Russia's Roman Abramovich has quietly added a $90 million estate in St. Bart's to his global toy chest, which already includes a Cap d'Antibes chateau, an English soccer team and one of the world's largest yachts.
The 70-acre estate rises behind Governor beach in the lush, wealthy Caribbean playground of St. Bart's. Balinese bungalows with ocean views, tennis courts, swimming pools and music and dining pavilions dot the property.
Now, it's the latest home of Russian billionaire Roman Abramovich, a person close to the deal has told the Journal. With its nearly $90 million sale price, the property is one of the most expensive private homes ever sold, but for the oligarch it will be just one of many spectacular possessions, which also include the world's largest privately owned yacht, a Colorado ski estate, England's Chelsea soccer team and a contemporary art collection valued at more than $100 million.
By Land, Air and Sea
The seller of the Governor Bay property was Jeet Singh, co-founder of Art Technology Group Inc., now known as ATG, the Cambridge, Mass., maker of Web software used by retailers including Tommy Hilfiger and Best Buy. Mr. Singh, 46 years old, had been living on St. Bart's part-time since he left ATG in 2002 until this year, when he moved to Paris. "It was just sort of time to go," says Mr. Singh, who says he bought the estate in 2000 and "didn't lose too much" on the deal. The estate was a gathering place for his friends and family, he says, and his band, the Singhs, recorded their albums there.
A spokesman for Mr. Abramovich, age 42, declined to comment.
Brought up by relatives in Ukhta, northern Russia, after his parents died, Mr. Abramovich became an oil trader in the early 1990s and rose to become the billionaire owner of OAO Sibneft, Russia's fifth-largest oil company. His fortune increased when OAO Gazprom, the Russian state gas giant, bought Sibneft for $13.1 billion. He is one of a cluster of oligarchs who have become some of the world's biggest spenders, transforming London real estate, the global art market and yachting.
Mr. Abramovich's primary residence is in Moscow, but he also has homes in London, where he bought Chelsea Football Club in 2003. His London real estate is in some of the capital's ritziest neighborhoods—though he had to cede some of his prized possessions, such as a 420-acre West Sussex estate called Fyning Hill, to ex-wife Irina after their 2007 divorce.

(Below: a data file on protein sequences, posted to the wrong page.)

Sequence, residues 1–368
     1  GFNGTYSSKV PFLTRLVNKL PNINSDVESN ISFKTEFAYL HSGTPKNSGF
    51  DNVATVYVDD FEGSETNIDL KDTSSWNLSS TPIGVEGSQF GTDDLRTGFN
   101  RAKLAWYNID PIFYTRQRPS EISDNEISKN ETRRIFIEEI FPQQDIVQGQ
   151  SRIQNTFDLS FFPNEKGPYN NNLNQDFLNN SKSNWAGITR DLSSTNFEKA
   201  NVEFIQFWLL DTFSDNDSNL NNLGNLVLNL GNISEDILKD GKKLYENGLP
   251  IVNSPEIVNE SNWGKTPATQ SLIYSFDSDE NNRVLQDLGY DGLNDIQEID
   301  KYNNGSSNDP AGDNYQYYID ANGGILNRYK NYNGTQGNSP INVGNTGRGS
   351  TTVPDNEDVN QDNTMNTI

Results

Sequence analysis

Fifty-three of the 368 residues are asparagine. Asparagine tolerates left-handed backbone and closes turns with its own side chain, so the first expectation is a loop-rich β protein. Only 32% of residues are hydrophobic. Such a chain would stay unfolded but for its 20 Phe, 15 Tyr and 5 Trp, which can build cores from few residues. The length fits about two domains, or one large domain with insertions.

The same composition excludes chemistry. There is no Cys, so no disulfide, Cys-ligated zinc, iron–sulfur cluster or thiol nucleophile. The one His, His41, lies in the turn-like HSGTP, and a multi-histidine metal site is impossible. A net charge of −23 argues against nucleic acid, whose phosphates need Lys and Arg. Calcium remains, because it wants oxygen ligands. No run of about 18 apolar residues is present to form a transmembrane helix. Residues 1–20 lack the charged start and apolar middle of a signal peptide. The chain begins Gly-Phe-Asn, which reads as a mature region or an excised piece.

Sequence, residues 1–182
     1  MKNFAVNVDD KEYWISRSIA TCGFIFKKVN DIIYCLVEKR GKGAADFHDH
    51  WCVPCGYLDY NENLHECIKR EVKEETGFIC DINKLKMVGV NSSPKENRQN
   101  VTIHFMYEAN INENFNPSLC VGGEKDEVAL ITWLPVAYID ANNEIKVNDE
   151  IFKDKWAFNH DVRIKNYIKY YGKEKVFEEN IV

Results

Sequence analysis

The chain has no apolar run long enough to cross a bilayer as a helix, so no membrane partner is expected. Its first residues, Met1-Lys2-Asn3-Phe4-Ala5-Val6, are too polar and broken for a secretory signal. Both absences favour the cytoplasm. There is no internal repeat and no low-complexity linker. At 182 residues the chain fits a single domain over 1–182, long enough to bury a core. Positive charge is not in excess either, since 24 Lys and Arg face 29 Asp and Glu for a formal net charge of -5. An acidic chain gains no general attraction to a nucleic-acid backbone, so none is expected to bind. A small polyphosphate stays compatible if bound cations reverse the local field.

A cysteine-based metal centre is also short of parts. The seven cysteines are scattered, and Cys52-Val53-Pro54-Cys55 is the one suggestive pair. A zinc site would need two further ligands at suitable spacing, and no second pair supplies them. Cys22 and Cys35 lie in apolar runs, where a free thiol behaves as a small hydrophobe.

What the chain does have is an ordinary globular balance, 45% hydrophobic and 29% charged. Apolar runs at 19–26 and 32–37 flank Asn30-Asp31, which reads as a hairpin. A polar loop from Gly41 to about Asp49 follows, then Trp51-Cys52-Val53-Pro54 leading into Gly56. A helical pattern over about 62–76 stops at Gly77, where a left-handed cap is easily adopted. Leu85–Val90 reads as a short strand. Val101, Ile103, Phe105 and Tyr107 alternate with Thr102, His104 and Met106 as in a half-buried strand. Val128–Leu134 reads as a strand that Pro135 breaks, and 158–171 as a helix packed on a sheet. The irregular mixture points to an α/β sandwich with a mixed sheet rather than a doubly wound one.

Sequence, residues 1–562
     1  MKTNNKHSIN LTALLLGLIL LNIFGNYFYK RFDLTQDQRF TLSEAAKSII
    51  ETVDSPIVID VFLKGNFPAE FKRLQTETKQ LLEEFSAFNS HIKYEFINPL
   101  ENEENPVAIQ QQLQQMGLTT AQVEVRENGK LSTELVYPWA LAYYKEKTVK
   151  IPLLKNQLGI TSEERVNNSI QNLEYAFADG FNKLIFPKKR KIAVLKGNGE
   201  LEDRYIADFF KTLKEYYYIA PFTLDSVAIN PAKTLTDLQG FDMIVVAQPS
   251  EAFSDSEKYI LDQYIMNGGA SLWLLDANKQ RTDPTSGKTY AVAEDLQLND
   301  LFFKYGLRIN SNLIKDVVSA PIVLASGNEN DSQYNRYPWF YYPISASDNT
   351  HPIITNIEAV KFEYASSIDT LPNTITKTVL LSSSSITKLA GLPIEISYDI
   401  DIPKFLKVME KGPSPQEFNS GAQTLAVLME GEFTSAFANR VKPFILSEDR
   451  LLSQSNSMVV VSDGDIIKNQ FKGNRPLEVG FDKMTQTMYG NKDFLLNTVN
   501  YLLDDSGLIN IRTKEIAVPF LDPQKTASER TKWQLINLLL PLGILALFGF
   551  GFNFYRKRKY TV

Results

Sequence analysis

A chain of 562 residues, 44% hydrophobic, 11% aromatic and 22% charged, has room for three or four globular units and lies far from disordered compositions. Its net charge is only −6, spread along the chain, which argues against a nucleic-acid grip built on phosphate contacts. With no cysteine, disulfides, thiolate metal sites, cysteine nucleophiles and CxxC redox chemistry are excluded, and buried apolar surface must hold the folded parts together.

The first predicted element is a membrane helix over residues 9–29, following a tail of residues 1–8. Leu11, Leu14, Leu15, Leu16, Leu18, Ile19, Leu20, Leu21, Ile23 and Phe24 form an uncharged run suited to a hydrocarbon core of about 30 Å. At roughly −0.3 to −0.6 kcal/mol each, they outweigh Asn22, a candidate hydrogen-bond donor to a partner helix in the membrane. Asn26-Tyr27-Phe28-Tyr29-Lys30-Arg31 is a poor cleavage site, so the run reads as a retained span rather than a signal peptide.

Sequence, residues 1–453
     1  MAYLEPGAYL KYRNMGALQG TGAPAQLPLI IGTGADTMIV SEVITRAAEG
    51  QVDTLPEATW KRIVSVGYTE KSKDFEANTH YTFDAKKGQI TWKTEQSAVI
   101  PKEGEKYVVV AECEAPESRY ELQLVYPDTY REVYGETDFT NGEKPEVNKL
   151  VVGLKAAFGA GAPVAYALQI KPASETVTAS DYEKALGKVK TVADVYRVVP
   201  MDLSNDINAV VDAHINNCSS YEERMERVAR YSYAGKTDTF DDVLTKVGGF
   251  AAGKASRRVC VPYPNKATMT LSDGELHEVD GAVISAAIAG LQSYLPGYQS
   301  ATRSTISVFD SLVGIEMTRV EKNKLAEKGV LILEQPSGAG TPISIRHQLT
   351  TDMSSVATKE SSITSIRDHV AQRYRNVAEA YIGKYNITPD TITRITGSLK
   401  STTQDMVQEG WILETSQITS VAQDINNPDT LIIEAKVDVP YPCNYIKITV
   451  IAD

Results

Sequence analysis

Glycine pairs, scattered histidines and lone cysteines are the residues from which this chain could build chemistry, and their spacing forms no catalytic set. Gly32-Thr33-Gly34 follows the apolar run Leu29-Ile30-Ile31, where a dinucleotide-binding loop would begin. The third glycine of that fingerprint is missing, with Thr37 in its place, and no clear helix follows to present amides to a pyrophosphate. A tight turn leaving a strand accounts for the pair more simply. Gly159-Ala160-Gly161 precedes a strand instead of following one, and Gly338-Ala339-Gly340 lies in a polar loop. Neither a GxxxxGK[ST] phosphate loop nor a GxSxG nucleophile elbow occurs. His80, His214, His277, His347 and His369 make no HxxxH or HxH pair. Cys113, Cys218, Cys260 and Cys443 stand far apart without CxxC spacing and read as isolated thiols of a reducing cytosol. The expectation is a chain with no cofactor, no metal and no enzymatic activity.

Mr. Abramovich's latest project is to merge eight apartments into one huge home in Lowndes Square, Knightsbridge. With properties in the district sometimes selling for as much as £4,000 (about $6,600) a square foot, the house, once completed, could be worth as much as £120 million, some experts say. He also owns the Chateau de la Croë in Cap d'Antibes on the French Riviera. It's the former home of the exiled Duke of Windsor, who gave up the British crown in 1936.
The billionaire has planted his flag in the U.S., as well. Last year he bought two homes in Snowmass Village, Colo., paying $11.8 million last February for a 5,600-square-foot ski-in, ski-out house and, two months later, $36.4 million for a 200-acre ranch in Wildcat Ridge. The 14,300-square-foot house there, with 11 bedrooms, came with custom furniture, including a chair made of leather and mink. The seller was Leon Hirsch, the surgical-equipment tycoon who founded United States Surgical Corp.
"As far as a neighbor who's in absentia, I couldn't ask for a better neighbor," says philanthrophist Lois Pope, the widow of National Enquirer founder Generoso Pope Jr., who has lived on the property adjoining Mt. Abramovich's in Wildcat Ridge for nearly a decade. Mr. Abramovich spent only a few days over the Fourth of July weekend in the area this summer, she said.